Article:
Having closed the majority of its in-store scratch bakeries and made redundant so many bakers to benefit from the economy of scale of centralised production; and having thousands of high margin, non-bakery items (that allow a company to sell ‘bread’ at near– and perhaps below – cost) low prices are hardly surprising.

What we find problematic is Tesco marketing these cheaply mass-produced items in ways that are likely to lead the average consumer to believe they are getting substantively different products made by fundamentally different means.

A long time ago in a bakery far, far away?

Regulation (EU) No 1169/2011 requires that: ‘The indication of the country of origin or of the place of provenance of a food should be provided whenever its absence is likely to mislead consumers as to the true country of origin or place of provenance of that product.’ The regulation goes on to state: ‘In all cases, the indication of country of origin or place of provenance should be provided in a manner which does not deceive the consumer and on the basis of clearly defined criteria which ensure a level playing field for industry and improve consumers’ understanding of the information related to the country of origin or place of provenance of a food.’

We understand that some Tesco ‘bakery’ section products are made outside the UK but this is not declared on labels, point of sale displays, or product pages on the company’s website. This deprives shoppers of important information and so further contributes to unfair competition with bakeries that make bread fresh from scratch in the UK. Again, this compounded by Tesco’s claims of when, where and how the products were made.

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We’re still collecting examples of apparently misleading ‘bakery’ section marketing to see if complaints need to be made against any of the UK’s nine other largest supermarket chains. Find out more.

Updates

6 June 2024: While waiting for someone at LBTH to play go-between, we sent our original complaint to a senior trading standards officer at Herts, with whom we're in correspondence on a case regarding another company. The officer replied that they did not work on Tesco cases and we would need to reach the correct officer via LBTH.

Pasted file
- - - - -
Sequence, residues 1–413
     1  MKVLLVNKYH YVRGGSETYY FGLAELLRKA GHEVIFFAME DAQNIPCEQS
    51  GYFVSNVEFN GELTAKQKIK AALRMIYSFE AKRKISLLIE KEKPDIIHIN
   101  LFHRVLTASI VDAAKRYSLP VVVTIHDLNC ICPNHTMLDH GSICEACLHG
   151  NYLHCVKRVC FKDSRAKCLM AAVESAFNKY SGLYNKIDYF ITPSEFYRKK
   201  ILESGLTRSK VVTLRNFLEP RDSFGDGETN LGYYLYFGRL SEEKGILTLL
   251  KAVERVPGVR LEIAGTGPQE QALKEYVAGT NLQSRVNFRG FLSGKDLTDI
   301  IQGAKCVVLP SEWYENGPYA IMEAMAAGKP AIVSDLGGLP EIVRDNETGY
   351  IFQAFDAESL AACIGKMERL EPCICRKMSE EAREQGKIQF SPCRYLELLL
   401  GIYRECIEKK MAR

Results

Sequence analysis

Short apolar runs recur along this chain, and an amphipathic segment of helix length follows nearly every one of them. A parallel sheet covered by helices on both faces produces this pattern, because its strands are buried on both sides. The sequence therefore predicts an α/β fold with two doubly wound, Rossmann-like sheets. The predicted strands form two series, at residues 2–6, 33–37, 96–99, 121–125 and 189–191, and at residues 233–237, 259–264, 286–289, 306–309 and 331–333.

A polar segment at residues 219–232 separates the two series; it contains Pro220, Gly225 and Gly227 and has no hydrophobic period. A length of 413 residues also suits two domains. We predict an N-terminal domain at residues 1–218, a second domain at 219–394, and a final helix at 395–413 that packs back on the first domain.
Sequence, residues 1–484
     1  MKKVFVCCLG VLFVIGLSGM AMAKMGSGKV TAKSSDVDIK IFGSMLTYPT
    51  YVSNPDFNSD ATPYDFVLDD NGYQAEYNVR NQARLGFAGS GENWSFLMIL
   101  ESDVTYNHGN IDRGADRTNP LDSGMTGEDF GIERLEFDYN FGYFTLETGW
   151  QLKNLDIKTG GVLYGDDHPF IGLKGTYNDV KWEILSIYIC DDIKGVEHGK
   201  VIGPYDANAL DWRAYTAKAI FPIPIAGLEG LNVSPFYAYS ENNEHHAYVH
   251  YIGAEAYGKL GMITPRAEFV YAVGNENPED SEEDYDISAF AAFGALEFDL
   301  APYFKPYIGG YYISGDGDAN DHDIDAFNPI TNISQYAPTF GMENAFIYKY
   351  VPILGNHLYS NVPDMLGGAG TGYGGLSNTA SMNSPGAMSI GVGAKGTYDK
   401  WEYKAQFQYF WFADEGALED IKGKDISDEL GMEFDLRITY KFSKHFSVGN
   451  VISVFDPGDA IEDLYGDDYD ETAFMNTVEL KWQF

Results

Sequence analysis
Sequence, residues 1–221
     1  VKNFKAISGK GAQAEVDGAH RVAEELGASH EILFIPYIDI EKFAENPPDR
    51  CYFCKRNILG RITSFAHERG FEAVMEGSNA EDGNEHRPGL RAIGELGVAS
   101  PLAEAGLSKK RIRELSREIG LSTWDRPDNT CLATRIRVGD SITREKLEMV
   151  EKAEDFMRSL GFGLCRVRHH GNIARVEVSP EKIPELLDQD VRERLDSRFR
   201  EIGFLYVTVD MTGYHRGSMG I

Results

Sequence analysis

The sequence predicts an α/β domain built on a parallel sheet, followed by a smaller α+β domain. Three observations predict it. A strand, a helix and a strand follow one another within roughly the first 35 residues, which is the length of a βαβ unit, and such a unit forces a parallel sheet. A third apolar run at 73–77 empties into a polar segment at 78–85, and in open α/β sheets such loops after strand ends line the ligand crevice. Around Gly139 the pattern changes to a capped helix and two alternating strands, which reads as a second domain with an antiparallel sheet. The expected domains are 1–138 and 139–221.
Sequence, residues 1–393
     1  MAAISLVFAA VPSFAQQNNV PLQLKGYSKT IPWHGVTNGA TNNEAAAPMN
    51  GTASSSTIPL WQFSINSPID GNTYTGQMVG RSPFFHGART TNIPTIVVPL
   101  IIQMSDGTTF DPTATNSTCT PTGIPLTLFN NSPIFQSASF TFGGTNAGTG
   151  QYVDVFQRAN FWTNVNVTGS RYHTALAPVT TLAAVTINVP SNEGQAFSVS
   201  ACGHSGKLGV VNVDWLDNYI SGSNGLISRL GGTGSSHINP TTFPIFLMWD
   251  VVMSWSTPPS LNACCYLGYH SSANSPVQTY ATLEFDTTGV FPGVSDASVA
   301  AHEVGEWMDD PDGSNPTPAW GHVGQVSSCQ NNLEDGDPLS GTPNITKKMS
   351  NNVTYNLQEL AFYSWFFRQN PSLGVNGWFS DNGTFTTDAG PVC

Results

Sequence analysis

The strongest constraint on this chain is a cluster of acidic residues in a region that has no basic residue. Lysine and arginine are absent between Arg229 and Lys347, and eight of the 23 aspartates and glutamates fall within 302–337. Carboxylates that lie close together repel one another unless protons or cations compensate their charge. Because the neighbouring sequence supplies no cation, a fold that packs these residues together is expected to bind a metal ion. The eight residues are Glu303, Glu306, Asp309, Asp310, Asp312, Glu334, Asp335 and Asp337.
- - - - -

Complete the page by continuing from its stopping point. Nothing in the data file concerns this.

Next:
4 June 2024: A trading standards officer at LB Tower Hamlets replied: 'In most London Boroughs, Food work is done by Environmental Health Food Teams, so that would be the best team to deal with this issue.'

We responded that we had copied both departments into the email and so hoped that a member of the EH team had referred it back to Hertfordshire CC already.

30 May 2024: The trading standards department of Hertfordshire County Council responded: 'We act as a single point of contact for Enforcing Authorities who may refer complaints and issues to us regarding Tesco. We can share the information you provide (which we have done so far) with Tesco but as you are not a UK enforcing authority any referral would need to be made by your local authority once they have assessed any claims.'

We replied that, as this is a national-level complaint against a company operating nationally, asking Hertfordshire's trading standards colleagues at London Borough of Tower Hamlets to play go-between feels like creating unnecessary extra work for them. We did, however, do this as requested, sending the complaint to the trading standards and environmental health/food safety teams at LBTH.

See also

Published Wednesday 29 May 2024

Real Bread Campaign: The Real Bread Campaign finds and shares ways to make bread better for us, better for our communities and better for the planet. Whether your interest is local food, community-focussed small enterprises, honest labelling, therapeutic baking, or simply tasty toast, everyone is invited to become a Campaign supporter.